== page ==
Elsewhere, worn equipment was found which also offered a contamination risk – including a pan for cooking porridge and a metal sieve used in the bakery area. Taps on the kitchen sink units were damaged and missing caps, while the wooden door frames and doors were damaged in places and could not be cleaned to the inspectors’ liking.

Control of allergens was also flagged up as a concern – with some cereal decanted into containers with no information on them. Inspectors also found a lack of a system to identify allergen free meals in the kitchen and other similar meals served to patients.

The report added: “This poses a serious risk of confusion that may result in the wrong food being served.” Temperature controls were also probed by council teams with officials finding high risk foods in excess of 8C on April 20.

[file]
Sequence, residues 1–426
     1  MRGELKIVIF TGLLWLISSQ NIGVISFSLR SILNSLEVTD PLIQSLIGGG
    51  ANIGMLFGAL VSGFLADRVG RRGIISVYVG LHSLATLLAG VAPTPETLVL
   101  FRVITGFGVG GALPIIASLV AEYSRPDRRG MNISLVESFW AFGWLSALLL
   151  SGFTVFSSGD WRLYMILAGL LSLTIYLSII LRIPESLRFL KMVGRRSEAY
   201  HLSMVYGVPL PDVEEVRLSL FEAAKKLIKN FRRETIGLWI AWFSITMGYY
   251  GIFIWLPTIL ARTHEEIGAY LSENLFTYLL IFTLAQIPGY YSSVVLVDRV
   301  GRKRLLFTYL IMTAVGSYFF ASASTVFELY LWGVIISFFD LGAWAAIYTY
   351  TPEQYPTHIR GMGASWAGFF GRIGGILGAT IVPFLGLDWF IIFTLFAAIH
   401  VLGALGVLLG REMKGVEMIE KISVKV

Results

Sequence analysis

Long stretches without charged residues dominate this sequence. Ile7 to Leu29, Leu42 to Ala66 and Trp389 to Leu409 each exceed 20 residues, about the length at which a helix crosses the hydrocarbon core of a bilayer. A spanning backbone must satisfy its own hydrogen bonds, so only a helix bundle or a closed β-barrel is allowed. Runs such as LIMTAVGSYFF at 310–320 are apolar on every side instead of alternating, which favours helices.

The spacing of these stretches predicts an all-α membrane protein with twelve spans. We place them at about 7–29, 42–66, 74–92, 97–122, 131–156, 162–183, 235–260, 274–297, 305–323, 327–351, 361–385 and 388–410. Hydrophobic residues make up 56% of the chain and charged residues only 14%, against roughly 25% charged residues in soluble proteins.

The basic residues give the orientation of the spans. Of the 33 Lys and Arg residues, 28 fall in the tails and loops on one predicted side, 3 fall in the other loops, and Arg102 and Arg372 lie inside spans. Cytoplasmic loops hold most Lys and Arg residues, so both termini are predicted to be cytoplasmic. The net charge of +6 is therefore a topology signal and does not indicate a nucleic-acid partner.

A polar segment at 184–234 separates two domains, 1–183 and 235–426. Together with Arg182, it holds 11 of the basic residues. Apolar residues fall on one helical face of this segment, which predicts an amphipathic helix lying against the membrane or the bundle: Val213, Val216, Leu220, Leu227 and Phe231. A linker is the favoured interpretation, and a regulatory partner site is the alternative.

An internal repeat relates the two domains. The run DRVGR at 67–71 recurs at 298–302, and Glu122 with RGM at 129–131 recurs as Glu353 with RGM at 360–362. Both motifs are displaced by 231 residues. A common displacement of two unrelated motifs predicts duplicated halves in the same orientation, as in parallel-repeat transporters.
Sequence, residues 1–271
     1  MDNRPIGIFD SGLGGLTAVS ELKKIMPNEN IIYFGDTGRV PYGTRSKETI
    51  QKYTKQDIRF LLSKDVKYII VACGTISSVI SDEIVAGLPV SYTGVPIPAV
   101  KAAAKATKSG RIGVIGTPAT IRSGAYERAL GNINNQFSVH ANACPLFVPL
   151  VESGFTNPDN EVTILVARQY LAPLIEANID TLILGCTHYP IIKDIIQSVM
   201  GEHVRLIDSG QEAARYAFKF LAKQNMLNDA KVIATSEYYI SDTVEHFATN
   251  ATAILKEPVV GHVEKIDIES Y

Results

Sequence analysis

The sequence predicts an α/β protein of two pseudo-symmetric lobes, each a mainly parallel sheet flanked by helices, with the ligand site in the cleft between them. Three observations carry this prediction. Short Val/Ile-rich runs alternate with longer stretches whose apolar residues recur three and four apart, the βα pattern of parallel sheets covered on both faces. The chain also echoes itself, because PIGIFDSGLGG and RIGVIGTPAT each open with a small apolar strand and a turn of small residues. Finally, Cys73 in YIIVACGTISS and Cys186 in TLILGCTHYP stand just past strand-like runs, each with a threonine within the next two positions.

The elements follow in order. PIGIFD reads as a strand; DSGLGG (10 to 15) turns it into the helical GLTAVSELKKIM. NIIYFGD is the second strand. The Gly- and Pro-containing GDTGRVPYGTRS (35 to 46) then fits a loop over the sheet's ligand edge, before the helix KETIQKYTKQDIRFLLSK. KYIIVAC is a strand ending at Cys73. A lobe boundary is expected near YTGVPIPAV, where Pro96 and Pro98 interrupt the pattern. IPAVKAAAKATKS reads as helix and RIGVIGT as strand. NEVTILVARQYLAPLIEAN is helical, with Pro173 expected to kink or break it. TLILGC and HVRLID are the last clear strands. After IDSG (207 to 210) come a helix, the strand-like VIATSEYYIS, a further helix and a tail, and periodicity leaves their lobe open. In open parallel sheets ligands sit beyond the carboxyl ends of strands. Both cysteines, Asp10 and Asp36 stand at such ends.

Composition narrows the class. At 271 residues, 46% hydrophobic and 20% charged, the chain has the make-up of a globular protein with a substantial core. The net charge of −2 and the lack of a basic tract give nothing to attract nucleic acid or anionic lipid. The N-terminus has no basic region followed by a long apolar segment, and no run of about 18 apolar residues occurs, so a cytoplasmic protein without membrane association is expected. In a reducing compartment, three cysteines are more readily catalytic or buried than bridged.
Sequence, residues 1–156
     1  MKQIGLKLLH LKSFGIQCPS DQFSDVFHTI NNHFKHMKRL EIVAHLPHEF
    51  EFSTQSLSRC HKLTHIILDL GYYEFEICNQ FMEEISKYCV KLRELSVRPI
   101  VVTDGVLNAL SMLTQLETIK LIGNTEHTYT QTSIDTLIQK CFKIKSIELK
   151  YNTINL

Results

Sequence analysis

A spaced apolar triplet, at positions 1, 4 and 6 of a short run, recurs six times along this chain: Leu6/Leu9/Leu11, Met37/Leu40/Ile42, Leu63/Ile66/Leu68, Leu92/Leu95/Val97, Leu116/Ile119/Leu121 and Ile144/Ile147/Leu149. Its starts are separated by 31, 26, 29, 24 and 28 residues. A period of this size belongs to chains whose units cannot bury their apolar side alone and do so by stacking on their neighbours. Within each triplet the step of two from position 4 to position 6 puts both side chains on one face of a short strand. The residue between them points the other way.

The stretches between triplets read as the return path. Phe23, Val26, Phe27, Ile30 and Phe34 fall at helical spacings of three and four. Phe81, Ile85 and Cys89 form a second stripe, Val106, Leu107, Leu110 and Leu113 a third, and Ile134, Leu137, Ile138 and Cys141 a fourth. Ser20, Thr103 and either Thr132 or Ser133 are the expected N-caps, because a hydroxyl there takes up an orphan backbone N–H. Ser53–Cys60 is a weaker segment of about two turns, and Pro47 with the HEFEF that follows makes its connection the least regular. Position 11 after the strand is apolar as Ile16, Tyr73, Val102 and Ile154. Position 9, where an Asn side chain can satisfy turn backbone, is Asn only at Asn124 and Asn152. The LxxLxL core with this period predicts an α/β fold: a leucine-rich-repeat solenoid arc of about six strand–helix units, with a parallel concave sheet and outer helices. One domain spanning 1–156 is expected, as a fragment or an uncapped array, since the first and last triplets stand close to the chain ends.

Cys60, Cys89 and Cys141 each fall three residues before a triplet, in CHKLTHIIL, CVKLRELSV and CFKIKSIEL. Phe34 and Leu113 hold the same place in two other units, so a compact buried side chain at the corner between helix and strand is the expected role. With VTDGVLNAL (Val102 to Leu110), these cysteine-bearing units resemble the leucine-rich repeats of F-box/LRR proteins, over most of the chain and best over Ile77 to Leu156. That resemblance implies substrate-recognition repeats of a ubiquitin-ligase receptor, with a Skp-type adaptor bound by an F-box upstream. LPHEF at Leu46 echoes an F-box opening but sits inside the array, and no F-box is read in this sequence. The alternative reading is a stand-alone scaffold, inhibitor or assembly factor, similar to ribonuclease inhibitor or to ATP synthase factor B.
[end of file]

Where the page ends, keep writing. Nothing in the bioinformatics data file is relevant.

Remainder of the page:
Employees had been told to label the food to be used within two hours but the report added there was no way to determine how long the food had been out to exceed this limit. It added: “It is of great concern to find that out of the two wards visited – ward 14 and ward 33 – both had issues with temperature control.”

Inspectors keep a close eye on temperatures as harmful bacteria such as listeria can grow as the mercury rises. Trust officials were very disappointed with the inspection findings – saying they expected the “highest standards” from Serco.